He went to the city of Nahor
    [Nahor was Abraham's brother]

Just outside the city he stopped by a well,
    Fully aware that it was just about the time
When the women would come to draw water.

Rebekah came to the well.

Now, so that no one gets lost or distracted
by trying to figure out the relationships

The facts are these
    Rebekah was the daughter of Betheul and his wife Milcah
        Bethuel     was Nahor's son
Abraham's nephew
Isaac's first cousin

Thus Rebekah was Abraham's great niece
and Isaac's second cousin.

That is not, however, what matters.

What does matter
 is that Rebekah satisfied all the criteria the servant had listed in his prayer for discernment.

The servant was convinced that Rebekah was the one chosen by God to be Isaac's wife.

When he announced that he needed a place to stay
    the girl ran to tell her mother's household

Her brother, Laban, went to the well, invited him to the house, gave him straw and fodder for the camels as well as food to eat.

But the servant explained
that he would not eat   until he had told of his errand.

It is with that telling of his errand that we pick up our text:
[24: 34-38]

So in just a few sentences
    The servant has stated his purpose:
get Isaac a wife
    The servant has offered assurances to her family:
        Abraham is wealthy and Isaac is receiving all of it
    The servant has brought God into the discussion:
        "The Lord has greatly blessed Abraham"

And then he admits his own doubts, and Abraham assurances
        That God would be with him
        And would make him successful.      [24: 39-41]
And then he shares how he came
    Depending on God's involvement and guidance
And describes how God had
    Directed him to the correct family - Nahor's;
And given him what he had asked - in Rebekah and in her response.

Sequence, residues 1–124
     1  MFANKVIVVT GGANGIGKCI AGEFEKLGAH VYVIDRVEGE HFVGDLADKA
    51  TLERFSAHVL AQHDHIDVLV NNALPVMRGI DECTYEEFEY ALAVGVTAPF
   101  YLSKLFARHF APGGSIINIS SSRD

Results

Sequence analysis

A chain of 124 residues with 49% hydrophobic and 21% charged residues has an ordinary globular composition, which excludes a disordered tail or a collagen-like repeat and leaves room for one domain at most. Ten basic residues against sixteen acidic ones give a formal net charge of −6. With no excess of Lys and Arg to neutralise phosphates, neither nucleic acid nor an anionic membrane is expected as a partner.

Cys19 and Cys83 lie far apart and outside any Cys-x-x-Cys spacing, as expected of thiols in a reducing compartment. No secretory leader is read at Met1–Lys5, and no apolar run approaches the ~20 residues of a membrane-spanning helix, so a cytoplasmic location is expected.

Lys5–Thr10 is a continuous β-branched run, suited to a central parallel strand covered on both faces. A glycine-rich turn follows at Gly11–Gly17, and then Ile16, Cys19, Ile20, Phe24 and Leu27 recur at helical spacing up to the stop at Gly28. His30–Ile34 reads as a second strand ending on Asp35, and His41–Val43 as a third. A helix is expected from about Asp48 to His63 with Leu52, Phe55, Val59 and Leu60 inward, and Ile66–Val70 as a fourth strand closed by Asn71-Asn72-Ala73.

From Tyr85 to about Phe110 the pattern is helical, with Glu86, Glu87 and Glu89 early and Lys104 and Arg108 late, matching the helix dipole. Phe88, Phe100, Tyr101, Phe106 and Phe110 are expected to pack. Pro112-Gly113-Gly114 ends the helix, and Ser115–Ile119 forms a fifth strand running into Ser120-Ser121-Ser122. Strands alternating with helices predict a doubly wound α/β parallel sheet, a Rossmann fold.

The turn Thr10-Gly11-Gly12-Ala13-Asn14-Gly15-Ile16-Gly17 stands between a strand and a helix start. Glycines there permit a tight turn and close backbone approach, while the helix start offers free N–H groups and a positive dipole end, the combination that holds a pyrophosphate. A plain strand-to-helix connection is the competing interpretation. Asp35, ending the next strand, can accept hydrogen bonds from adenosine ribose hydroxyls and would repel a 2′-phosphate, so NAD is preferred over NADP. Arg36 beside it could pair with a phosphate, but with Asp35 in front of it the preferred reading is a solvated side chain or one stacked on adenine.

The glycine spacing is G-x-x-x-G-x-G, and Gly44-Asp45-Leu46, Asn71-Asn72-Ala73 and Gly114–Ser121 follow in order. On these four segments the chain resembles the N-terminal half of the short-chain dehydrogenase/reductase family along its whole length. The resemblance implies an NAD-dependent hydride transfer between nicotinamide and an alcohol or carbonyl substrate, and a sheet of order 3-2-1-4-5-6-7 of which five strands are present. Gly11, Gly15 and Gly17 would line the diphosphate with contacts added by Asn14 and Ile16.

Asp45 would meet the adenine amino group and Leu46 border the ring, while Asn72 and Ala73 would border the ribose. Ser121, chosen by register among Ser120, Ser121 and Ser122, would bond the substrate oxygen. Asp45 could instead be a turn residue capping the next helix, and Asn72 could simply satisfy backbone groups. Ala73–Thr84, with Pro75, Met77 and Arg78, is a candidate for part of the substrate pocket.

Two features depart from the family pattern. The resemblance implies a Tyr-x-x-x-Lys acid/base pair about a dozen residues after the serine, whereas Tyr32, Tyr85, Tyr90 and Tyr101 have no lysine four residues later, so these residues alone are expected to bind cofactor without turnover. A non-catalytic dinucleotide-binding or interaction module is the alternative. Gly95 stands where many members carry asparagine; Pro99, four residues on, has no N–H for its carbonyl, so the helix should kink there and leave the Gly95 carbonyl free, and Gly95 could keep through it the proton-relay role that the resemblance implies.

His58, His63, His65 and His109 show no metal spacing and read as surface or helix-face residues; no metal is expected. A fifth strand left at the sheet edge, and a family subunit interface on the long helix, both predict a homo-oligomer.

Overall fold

[24: 42-49]

The servant knew that he had not located Rebekah by himself
    He had not depended on a map or a GPS

He had chosen to depend on God
       And, as Abraham had indicated, God made it a successful trip.

Betheul and Laban were impressed

They responded:     [24: 50-61]

But there is still one more character in the story
    Isaac, the guy who was getting a wife he had not met.

In some ways, his situation was even more anxiety producing than Rebekah's
    She at least got silver and gold jewelry and fine garments

Isaac was getting a total unknown.

And so, the story concludes with their meeting. [24: 62-67]

A good ending
A positive ending
A satisfying ending to a story
    That had its uncomfortable elements
        For the idea of an arranged marriage is discomforting.

But it is a story that teaches us something important.

For it is a story in which,     everyone  depended on God
    Abraham depended on God to pick a wife for his son
    The servant depended on God to make his journey successful
    Rebekah and her family depended on God
         To accept and believe that she should become Isaac's wife
And finally,
    Isaac depended on God to accept that Rebekah should be his wife.

They all used their human gifts in the process.
They did not sit around and wait for something to happen.
    They expended energy
    They gave thought and used reasoning
But ultimately they depended on God.

Walter Bruggeman in his commentary on Genesis
in the "Interpretation" series summarized the story.
    "The faith offered here
        is for those who are willing to be led."

The people in this story were willing to be led.

And so, this week, instead of focusing on the little questions
    Like arranged marriages
Which I cannot fathom
nose rings
which confound me
or  why Rebekah's mother was mentioned more than her father
            which intrigues me

you and I need to ask whether we - individually and collectively -
    are willing to dependent on and led by God.
Do you think we are?